Mayor Frey says he will veto public safety ballot question language 'as it stands'

Minneapolis Mayor Jacob Frey speaks to the media about his intention to veto the ballot language for the public safety question. (FOX 9)

Minneapolis Mayor Jacob Frey announced he intends to veto the language of the public safety ballot question "as it stands" after the Policy and Government Oversight Committee approved the ballot question without an explanatory note. 

The ballot question asks voters if they are in favor of updating the city charter to replace the police department with a public safety department.

Mayor Frey argues a note is needed because the question does not state how approving the measure would remove the police chief, remove mandatory staffing minimums for police officers, and have the new department head report to the mayor and all council members instead of just the mayor.

"You can fight vigorously for [the measure] or vigorously against it, but we should all be coming from a common position of informing voters of what the consequences are," said Frey at a press conference Thursday.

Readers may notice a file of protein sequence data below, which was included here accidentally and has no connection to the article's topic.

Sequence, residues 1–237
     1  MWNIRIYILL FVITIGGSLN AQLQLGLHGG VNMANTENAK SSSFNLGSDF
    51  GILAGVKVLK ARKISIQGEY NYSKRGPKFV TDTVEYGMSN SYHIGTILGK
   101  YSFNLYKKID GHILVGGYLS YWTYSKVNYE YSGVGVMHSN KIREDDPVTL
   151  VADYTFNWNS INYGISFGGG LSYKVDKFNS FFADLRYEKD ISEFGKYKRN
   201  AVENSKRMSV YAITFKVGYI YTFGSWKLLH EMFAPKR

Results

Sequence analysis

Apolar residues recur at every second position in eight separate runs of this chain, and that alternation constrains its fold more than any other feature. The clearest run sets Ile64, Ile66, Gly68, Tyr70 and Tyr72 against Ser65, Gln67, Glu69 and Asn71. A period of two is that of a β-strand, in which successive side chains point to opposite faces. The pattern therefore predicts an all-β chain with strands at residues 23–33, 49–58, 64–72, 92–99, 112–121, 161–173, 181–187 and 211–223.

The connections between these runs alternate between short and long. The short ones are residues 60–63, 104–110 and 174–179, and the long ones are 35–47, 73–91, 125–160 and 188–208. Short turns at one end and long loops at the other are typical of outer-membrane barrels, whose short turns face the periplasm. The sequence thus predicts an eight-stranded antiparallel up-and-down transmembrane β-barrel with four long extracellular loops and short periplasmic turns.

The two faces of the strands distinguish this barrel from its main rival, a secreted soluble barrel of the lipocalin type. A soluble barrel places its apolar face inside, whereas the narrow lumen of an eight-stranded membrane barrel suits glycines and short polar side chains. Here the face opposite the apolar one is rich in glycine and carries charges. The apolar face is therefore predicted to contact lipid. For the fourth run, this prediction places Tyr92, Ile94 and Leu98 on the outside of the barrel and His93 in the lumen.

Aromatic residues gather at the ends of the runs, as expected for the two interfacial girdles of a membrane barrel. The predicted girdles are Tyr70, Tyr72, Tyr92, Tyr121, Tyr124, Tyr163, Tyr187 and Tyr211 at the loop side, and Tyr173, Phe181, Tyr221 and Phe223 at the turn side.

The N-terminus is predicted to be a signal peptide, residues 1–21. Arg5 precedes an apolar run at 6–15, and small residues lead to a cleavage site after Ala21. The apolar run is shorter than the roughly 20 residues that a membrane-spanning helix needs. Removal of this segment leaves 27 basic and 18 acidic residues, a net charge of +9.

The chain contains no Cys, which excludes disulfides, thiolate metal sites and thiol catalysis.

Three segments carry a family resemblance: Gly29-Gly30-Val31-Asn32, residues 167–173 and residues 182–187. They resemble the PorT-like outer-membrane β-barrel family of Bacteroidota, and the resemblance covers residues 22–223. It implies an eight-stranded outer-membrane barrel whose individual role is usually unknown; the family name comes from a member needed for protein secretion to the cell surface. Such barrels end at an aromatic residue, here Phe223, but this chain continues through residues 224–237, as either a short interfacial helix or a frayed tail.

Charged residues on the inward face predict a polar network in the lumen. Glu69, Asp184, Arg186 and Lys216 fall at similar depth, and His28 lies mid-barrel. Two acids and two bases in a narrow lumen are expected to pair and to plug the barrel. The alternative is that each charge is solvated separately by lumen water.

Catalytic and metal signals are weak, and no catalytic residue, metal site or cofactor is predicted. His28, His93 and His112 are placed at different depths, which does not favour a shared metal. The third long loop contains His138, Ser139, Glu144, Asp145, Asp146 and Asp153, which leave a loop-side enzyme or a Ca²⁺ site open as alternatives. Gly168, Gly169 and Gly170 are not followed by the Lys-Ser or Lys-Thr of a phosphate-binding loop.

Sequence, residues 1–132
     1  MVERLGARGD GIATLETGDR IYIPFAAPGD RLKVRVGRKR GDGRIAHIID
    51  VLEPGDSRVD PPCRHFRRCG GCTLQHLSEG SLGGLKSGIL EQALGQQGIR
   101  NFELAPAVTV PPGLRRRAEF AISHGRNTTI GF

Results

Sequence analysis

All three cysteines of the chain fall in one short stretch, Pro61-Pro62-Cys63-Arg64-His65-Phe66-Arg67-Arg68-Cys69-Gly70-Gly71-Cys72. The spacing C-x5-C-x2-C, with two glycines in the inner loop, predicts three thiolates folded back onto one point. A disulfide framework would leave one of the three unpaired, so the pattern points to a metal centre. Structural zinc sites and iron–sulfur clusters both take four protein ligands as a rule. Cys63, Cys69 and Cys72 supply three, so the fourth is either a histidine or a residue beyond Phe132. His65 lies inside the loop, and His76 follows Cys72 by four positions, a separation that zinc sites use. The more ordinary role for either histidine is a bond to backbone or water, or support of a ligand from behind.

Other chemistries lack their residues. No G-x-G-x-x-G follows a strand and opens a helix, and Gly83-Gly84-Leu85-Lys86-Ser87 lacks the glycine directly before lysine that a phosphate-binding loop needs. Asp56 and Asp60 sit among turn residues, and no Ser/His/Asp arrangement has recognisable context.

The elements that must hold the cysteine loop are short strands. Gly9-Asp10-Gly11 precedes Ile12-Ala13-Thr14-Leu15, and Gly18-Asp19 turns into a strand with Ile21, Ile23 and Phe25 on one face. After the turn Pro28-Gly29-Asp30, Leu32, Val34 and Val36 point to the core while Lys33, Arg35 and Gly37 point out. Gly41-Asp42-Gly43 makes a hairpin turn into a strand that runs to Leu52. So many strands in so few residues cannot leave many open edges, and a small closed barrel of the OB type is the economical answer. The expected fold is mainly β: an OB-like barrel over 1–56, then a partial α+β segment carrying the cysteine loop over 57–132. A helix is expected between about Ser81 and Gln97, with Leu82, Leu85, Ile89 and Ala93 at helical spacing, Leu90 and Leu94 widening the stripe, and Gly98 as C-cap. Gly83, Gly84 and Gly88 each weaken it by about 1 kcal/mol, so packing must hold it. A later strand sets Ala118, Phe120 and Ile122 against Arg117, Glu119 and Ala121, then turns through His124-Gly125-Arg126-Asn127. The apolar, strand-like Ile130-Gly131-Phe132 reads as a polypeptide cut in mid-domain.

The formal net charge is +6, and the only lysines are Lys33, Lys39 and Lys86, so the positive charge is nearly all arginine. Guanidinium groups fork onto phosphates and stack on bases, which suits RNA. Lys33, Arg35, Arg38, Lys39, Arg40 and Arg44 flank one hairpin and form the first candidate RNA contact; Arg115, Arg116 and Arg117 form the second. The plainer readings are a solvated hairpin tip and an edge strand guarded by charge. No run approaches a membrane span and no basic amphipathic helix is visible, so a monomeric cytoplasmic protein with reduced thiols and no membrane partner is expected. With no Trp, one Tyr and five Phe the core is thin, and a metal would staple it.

Last week, a Hennepin County District Court judge ruled in favor of a lawsuit brought on by activist group Yes 4 Minneapolis, ordering the proposed 192-word explanatory note be removed from the ballot question. The order stated that while the city is allowed to have an explanatory note, the proposed explanatory note "read much like a warning label" and waded into a "grey area of explanation that is not allowed."

Members on the Policy and Government Oversight Committee had an opportunity to revise the language Wednesday. After discussion, the members voted 12-1 to approve the question without a note.

"The folks who are proposing this language raised concerns from the get-go," said Council member Jeremiah Ellison at the committee meeting. "And the concerns they raised were raised by the public and affirmed by the courts, so let’s get this right."

The ballot question now goes to the Minneapolis City Council, which meets Friday morning, where it needs seven votes to pass. During the meeting, council members can change the language before making a final vote. If passed, the mayor can either approve the resolution by signing it or returning it to the clerk unsigned.

However, if the mayor vetoes it - as he stated he intends to do in its current form - the council could override the veto with nine votes at its next meeting. Since the deadline for submitting questions is Friday at 11:59 p.m., if Frey goes through with the veto, the council would need to reconvene to attempt to override the veto or consider different language.